As you prepare to sell your company do you have some biases that you don’t know about?
Have you heard the story about the blind men and the elephant? It’s a classic that has versions in many cultures including Indian, Chinese and African. Here’s the story:
There was a group of friends who were blind from birth talking amongst themselves about what an elephant looks like. An elephant’s keeper heard them and offered to let them touch his well-trained animal so they could understand what an elephant was. They shared their observations with each other as they investigated.
The first man was positioned at the head of the elephant. He touched the trunk and told his friends that an elephant is like a snake. It has a tubular body that is very flexible with the ability to grasp things at its end. The second man was located at the tail of the elephant. He said the elephant was like a rope. It had a long narrow form with a tuft of hair at the end. It was stiff and could be used like a whip. The third man was located at the stomach of the elephant. He described it as a huge leathery expanse with tree stumps holding it up. A huge argument ensued with each man insisting his was the correct view of the elephant. Finally, the wise keeper interceded and told them that they were all right. The elephant was made up of all those parts and that they were somewhat right and somewhat wrong at the same time. They each had version of the truth, but not the complete picture. The truth often is that we can see what we can see but we can’t see what we can’t see.
These biases that blind us to the whole picture of ourselves and our companies. It’s easier for others to see the “whole picture” than it is for us to see what is missing. Unfortunately, we know that it’s human nature to assume that we are correct in our own judgement. This comes into play when sellers are evaluating their company for sale. We’ve run across Sellers who didn’t have an accurate way of assessing their own strengths and weaknesses before going to market. Imagine the disconnect when potential buyers start doing an assessment and opening up all of the “blind spots”.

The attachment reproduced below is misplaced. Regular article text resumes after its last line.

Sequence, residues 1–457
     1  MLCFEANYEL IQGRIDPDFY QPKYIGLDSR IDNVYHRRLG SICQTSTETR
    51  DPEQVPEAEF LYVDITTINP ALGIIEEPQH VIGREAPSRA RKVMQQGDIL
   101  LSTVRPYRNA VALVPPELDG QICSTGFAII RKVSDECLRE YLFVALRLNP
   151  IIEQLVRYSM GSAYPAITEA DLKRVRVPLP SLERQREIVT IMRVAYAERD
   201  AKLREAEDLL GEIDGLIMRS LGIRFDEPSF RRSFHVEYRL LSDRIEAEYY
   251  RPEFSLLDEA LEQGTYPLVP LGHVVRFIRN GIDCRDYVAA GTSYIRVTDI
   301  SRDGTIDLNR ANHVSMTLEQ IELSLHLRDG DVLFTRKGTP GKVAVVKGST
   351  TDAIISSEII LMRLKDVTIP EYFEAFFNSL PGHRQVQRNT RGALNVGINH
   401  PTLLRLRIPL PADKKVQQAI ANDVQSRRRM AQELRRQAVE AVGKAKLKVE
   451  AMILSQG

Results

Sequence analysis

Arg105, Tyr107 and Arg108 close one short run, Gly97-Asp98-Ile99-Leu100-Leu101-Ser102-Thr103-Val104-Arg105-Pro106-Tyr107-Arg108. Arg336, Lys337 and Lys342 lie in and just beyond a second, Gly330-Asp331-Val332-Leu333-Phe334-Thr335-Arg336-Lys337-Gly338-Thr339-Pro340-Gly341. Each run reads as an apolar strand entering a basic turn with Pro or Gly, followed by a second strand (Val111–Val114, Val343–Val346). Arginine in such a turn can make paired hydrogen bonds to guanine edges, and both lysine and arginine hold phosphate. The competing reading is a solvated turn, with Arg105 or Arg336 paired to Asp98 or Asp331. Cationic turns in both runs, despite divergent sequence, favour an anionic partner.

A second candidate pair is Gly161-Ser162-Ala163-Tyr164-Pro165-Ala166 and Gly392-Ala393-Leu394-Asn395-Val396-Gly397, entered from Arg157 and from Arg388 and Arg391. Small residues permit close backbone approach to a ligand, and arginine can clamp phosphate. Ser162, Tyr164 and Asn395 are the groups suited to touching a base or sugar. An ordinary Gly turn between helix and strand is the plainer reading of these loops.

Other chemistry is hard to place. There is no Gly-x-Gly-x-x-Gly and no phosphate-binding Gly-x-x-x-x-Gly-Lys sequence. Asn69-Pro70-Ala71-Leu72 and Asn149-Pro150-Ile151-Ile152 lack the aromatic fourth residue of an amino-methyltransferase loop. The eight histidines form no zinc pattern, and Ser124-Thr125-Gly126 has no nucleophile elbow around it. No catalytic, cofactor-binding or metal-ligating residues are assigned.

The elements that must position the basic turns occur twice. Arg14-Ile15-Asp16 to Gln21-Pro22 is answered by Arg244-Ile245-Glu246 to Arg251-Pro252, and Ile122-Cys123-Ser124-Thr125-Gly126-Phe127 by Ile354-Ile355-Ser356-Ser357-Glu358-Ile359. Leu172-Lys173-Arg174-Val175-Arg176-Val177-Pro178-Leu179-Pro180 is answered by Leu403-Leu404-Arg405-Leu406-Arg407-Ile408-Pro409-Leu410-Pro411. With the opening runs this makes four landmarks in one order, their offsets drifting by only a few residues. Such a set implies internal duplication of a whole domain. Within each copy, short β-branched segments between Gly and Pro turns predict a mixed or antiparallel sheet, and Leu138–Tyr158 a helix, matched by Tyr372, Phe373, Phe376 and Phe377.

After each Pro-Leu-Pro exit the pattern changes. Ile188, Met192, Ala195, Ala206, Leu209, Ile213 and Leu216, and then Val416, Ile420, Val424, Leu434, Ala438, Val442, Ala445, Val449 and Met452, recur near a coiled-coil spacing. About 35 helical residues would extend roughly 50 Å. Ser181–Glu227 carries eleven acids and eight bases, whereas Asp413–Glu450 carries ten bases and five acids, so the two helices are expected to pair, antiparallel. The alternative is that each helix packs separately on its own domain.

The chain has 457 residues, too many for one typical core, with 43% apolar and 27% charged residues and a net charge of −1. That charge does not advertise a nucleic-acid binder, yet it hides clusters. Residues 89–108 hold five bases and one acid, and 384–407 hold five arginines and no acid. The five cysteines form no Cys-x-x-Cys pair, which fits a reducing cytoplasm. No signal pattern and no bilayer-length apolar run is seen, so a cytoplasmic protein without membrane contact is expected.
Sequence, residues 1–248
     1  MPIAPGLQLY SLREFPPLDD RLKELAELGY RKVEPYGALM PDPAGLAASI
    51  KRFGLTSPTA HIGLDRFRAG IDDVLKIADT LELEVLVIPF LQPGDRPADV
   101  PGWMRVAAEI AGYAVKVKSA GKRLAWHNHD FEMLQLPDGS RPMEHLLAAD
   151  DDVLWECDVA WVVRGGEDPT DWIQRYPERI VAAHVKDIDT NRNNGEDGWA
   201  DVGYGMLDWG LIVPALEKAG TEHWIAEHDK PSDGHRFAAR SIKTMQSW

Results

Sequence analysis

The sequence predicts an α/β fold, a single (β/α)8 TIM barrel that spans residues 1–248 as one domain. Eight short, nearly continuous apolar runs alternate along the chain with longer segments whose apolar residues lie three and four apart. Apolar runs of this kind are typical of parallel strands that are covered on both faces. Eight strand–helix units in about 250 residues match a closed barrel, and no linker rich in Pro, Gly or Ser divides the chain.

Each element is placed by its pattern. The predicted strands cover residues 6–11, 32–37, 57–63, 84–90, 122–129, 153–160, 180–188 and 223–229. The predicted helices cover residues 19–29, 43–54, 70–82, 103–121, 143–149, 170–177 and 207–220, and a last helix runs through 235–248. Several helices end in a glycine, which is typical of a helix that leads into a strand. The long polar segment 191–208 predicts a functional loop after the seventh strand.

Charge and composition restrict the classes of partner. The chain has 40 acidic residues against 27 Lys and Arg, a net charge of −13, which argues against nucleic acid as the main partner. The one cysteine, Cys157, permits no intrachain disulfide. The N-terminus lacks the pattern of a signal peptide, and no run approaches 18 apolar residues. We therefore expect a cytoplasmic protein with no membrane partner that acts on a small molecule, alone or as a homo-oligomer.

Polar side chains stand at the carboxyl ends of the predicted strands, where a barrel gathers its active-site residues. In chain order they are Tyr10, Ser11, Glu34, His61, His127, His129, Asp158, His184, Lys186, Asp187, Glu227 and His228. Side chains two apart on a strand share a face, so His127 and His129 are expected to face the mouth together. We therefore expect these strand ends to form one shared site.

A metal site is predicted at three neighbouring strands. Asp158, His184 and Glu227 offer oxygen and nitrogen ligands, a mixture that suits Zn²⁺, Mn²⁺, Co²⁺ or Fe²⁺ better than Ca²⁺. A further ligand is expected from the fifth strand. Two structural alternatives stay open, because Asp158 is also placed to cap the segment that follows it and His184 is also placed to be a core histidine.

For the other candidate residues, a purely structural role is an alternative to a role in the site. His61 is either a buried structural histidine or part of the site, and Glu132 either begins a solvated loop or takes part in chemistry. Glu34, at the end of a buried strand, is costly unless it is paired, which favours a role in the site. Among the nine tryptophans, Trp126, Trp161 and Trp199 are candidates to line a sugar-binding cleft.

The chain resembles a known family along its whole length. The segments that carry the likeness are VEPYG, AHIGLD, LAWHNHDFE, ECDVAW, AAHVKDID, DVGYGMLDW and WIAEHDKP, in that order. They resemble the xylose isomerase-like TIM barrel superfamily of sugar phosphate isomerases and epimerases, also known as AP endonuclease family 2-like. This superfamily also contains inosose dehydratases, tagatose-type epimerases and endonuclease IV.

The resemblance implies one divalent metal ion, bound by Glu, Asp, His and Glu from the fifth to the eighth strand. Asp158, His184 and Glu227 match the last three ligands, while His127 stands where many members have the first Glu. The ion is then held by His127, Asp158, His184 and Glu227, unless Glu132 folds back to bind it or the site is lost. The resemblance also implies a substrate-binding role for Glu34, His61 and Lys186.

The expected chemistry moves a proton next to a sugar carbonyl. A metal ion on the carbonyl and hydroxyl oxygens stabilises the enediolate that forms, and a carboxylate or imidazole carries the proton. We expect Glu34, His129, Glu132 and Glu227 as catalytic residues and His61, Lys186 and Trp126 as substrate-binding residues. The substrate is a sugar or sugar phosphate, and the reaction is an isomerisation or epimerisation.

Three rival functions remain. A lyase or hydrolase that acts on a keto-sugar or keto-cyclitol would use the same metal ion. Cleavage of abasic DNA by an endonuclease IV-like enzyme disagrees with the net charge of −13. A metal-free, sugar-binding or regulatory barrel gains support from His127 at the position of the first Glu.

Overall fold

“What the human being is best at doing is interpreting all new information so that their prior conclusions remain intact.” — Warren Buffet
The Johari window is a simple and effective model created by psychologists Joseph Luft and Harry Ingham in 1955 to assist us in working through some of these issues. The model describes the process of human interaction and allows us to see in four quadrants how we see each other and ourselves and can help us improve our “blind spots”.
Open Area = Public Knowledge. We pretty much can all see these things as can everyone else.
(This is called Arena is some versions.)
Hidden Area = Mask. This is Private information that you share or hide from others.
Blind Area = Blind Spots or Blind Self. This is what others know about you that you don’t see about yourself.
Unknown Area = Unconscious. In this area, neither you nor others know these things.
Do you have any “blind spots”? We can and do help our clients know as many of those as possible (and take action, if needed) as you prepare to sell. If you’d like to discuss your situation, selling or buying a business or preparing your business for sale, please let us know. In the meantime, if you have questions or comments, I can be reached anytime via email: firstname.lastname@example.org or phone at: 224-688-8838.
We’re here to Help you Harvest your Potential.